There are as many different ways to get published as there are books, it seems. At our May meeting, Pam Sheppard spoke about getting noticed by publishers, agents, and readers. And she should know.
Pam was once a sales rep for so many publishers, our eyes spun. At one point she even dumped out samples of catalogs — hundreds of them? — that she used to carry around to various book outlets, hoping for sales. She represented hundreds of publishers. That being the case, Pam has seen it all, publishing-wise. She advised us to find comps, largely on Amazon, and how to glean information from them to enhance our visibility and hone our pitch.
Hot tip: Pam suggested approaching our fiction like a non-fiction proposal, in which we’ll consider the cover, table of contents for the proposal, author bio and platform, target market, comps, marketing and promo plans, and the book’s table of contents with a chapter-by-chapter synopsis. She says if we think this way about our fiction, our book will be written.
Another hot tip: have you ever wondered how to write your blurb or elevator pitch? Check out Netflix for DVD blurbs, where you’ll get great examples of succinct, interesting thumbnail descriptions.
When considering whether to go with a publishing house, Pam suggested reading the Hybrid Publisher Criteria produced by the Independent Book Publishers’ Association. Click here to open and/or download that document.
Pam was a real joy to meet and an expert from whom I learned a lot. I look forward to getting together with her again sometime in the future.
Thanks to Jim Hitt, former English teacher, publisher, and award-winning writer, for our monthly writing tip. The topic was the art of saying more by using fewer words, or using more effective words (such as those that end in ‘ed’ rather than ‘ing’.) This is a topic that fascinates me. Try cutting some of your own and revel in the improved sound of your words.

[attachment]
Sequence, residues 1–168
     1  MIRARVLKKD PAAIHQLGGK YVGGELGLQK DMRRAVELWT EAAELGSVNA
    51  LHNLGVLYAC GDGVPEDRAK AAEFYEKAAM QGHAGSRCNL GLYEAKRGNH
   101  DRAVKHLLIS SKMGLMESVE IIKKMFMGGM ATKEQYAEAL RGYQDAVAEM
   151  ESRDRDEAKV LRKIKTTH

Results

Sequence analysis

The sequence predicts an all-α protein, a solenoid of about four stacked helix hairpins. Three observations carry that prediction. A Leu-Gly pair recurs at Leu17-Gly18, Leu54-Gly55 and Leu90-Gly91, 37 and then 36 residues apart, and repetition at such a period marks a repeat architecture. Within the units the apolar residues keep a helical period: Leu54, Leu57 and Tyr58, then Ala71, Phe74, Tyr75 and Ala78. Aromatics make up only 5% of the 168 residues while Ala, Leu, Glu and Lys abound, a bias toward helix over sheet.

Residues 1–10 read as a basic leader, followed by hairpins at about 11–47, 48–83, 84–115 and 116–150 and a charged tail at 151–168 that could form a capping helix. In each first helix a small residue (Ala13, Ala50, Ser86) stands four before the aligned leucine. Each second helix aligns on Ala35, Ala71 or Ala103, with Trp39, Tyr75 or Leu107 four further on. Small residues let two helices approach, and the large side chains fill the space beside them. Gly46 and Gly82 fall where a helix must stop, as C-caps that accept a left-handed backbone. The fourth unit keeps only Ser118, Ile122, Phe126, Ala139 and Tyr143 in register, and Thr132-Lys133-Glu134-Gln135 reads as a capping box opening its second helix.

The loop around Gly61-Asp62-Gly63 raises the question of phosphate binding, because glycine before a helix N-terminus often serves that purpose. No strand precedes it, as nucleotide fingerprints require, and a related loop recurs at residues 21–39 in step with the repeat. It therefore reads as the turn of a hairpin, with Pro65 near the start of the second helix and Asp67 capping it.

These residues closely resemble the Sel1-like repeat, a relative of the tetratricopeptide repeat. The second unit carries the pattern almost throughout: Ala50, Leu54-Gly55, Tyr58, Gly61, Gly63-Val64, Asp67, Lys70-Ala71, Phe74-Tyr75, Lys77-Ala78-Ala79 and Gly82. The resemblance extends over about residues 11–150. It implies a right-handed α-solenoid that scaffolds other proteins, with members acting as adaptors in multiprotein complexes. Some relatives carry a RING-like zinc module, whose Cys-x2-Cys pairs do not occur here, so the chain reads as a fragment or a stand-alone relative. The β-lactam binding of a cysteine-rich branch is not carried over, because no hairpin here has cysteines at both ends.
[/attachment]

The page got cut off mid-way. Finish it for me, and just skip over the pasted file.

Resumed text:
Book Donation Reminder
Programming note: Marj Charlier, Guild Treasurer, will be heading a unique program at our July meeting. Since the mission of the Guild is to bring together writers in a friendly, social setting, this gathering will be dedicated to that purpose, with refreshments and guided discussions. In this way we hope to get to know each other better, have fun, and even learn something. At the end of the session, a prize will be awarded consisting of all the books donated by published members. If you have a book you’d like to donate, please bring it to the June meeting.
More than Just Talk:
Painting Scenes with Dialogue & Narration
with Helga Schier
Whether fiction or nonfiction, a great story is constructed from great scenes. But what makes a great scene sing? Helga Schier is an editor whose work focuses on the refinement of story, character, and style, helping writers sharpen their vision, refine their voice, and unlock the potential of their manuscripts.
A writer’s job is to create a world that unfolds before the reader’s eyes. We want to hear people speak and see what they do and where they do it. With the well-tuned interplay of dialogue and narration, you can create scenes that sizzle with romance, suspense, excitement, or joy, engaging the reader in your characters’ plight from your first to your last word.
A regular speaker at Writers Digest conferences, Helga will show us how the interplay of dialogue and narration:
*Creates the atmosphere of a scene
*Exposes the context and purpose of the dialogue
*Reveals the personality and relationship of the dialogue partners
*Builds the underlying tension, conflict and motivation
*Drives the plot forward
Helga Schier, PhD, is the founder and owner of WithPenAndPaper.com, an independent editorial services firm. With more than 25 years of experience in book publishing, as editor and executive editor in several publishing houses, Ms. Schier guides authors through the development and revision process. Her clients are published, self-published, and not-yet-published writers.
You won’t want to miss this fabulous learning opportunity! That’s Saturday, June 22, 2019, 9:30 – 11:30 a.m., at the Hemet Public Library, 300 E. Latham, Hemet CA. Free and open to the public.